The word ‘Advaita’ is a commonly used Sanskrit word. It is used by people, who do not even know Sanskrit, as it is present in almost every Indian language. The widely used meaning of the word ‘Advaita’ is non-duality. However, it is necessary to see the other meanings and the origins of this Sanskrit word. Sanskrit is a classical language like Greek, Latin, and Persian. And in Sanskrit, as in most classical languages, most words are derived from a stem or root. 

The word ‘Advaita’ is formed as an antonym of dvaita by adding the prefix ‘a’ to the word dvaita, in the sense of the opposite. So, the opposite of dvaita, which means duality, is non-duality.

The word dvaita is derived from adding the ‘an’ suffix to the root word dvi, which means two. The word dvaita means duality, a pair, difference, separation, duplicity, dualism, or doubt.

The word ‘Advaita’ means non-duality; one without a second; identity; non-separation; non-different; having no duplicate; destitute of duality; peerless; sole; unique; epithet of Vishnu; the identity of Brahman, paramatman or supreme soul with the jivatman or the individual soul; the identity of spirit and matter; the name of an Upanishad, and the ultimate Truth.

Advaita is one among the three main schools of Vedanta, the other two being Vishishtadvaita and Dvaita. Acharya Shankara is considered to be the proponent of Advaita Vedanta, though the philosophy was present even before him as is evident in the writings of teachers like Acharya Gaudapada. The Advaita philosophy holds that there is essentially no difference between the individual soul and the ultimate Reality and all difference that is perceived is due to ignorance. Any perception of duality is considered a result of superimposition.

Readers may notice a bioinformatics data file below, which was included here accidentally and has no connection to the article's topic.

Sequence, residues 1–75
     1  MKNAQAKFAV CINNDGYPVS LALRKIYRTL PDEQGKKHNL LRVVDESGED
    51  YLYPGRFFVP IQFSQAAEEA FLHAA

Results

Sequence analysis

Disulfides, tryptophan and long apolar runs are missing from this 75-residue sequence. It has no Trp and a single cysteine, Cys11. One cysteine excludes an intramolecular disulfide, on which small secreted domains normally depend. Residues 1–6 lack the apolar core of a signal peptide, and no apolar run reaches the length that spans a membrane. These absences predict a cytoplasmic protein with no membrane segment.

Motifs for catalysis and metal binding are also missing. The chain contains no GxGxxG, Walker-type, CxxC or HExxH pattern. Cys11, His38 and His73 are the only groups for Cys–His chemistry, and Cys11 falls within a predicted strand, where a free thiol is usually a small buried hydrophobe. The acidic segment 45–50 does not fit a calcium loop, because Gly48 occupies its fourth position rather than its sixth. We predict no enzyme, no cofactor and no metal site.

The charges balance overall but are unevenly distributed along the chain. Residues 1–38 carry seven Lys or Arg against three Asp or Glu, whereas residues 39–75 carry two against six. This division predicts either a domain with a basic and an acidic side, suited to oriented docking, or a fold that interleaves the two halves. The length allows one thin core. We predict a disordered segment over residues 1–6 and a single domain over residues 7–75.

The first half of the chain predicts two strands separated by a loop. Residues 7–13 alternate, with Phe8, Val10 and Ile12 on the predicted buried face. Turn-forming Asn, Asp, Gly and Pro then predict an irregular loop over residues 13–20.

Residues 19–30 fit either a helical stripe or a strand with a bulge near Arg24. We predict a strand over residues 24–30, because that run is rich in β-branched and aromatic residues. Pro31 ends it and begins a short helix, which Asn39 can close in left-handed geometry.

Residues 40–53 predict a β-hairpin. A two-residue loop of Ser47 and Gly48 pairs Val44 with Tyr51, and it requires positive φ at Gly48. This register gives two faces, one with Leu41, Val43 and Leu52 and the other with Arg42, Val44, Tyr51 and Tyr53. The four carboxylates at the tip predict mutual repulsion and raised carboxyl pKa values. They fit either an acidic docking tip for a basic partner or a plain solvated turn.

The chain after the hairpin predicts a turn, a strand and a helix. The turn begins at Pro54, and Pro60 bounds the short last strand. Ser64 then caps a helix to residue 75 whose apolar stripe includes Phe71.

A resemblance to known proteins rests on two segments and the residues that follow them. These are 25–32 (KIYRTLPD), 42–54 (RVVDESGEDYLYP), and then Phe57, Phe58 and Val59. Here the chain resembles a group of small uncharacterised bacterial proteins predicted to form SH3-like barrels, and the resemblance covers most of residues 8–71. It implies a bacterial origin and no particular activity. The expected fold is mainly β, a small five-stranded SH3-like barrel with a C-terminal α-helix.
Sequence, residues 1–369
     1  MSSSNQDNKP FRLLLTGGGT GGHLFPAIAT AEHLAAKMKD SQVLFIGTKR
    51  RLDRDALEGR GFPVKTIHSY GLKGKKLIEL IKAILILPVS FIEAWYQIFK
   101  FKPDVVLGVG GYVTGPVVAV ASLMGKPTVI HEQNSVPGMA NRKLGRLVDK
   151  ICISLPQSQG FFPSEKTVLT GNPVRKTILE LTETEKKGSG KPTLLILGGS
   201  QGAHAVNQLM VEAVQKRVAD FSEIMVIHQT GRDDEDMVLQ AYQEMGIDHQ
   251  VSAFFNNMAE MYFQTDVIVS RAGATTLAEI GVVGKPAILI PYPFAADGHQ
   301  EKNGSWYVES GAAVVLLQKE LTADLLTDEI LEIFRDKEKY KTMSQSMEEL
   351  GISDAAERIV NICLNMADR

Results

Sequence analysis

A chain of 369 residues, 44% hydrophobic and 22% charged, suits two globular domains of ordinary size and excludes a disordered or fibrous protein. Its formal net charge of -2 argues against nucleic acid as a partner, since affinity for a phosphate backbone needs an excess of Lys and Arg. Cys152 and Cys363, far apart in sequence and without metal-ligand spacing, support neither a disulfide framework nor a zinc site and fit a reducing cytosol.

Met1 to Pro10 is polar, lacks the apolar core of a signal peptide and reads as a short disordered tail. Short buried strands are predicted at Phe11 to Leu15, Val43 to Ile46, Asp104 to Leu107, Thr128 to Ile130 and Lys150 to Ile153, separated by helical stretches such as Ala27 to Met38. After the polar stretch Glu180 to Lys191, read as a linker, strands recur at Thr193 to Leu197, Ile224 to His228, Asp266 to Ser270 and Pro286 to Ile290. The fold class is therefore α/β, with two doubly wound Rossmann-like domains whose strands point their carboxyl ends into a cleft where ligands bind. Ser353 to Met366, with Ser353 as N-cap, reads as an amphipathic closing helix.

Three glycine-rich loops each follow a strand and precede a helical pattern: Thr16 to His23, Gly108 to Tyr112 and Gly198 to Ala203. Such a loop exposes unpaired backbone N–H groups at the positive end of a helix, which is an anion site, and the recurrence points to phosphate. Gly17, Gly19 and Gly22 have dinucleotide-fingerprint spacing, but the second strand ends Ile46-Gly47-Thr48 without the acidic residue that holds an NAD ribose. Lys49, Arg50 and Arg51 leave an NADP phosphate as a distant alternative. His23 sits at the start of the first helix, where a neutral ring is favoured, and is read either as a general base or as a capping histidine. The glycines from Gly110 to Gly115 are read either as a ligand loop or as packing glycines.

The common examples given for explaining this superimposition are the mistaking a shell to be silver, mistaking sand for water in a mirage, mistaking a rope to be a snake in darkness. In all these instances, something else is superimposed on some other thing and there is a mutual confusion of the properties of the things involved. For example, in a mirage, the property of water is imposed on sand and the property of sand is imposed on water. When insentience is superimposed on sentience and when sentience is superimposed on insentience, we confuse things for what they are not and there arises the problem of dvaita or duality. Advaita is the path to transcend this superimposed duality.

The goal of Advaita is to guide a person to transcend all suffering and attain moksha, freedom from the transmigratory cyclical existence of samsara, by realising the identity of the Atman with Brahman. Upon this realisation, this universe ceases to cause any misery, because the person who has realised this knowledge of Advaita, understands that this universe is being seen not in its essential nature, Brahman, but in its superimposed nature of a multitude of names and forms. When the essence of this universe is realised and it is known that one is not different from that essence, then a person becomes free.

Author is Editor Prabuddha Bharata. The Balabodha series as written is a glossary of words and not an article


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This article was first published in the January 2020 issue of Prabuddha Bharata, monthly journal of The Ramakrishna Order started by Swami Vivekananda in 1896. This article is courtesy and copyright Prabuddha Bharata. I have been reading the Prabuddha Bharata for years and found it enlightening. Cost is Rs 180/ for one year, Rs 475/ for three years, Rs 2100/ for twenty years. To subscribe https://shop.advaitaashrama.org/subscribe/

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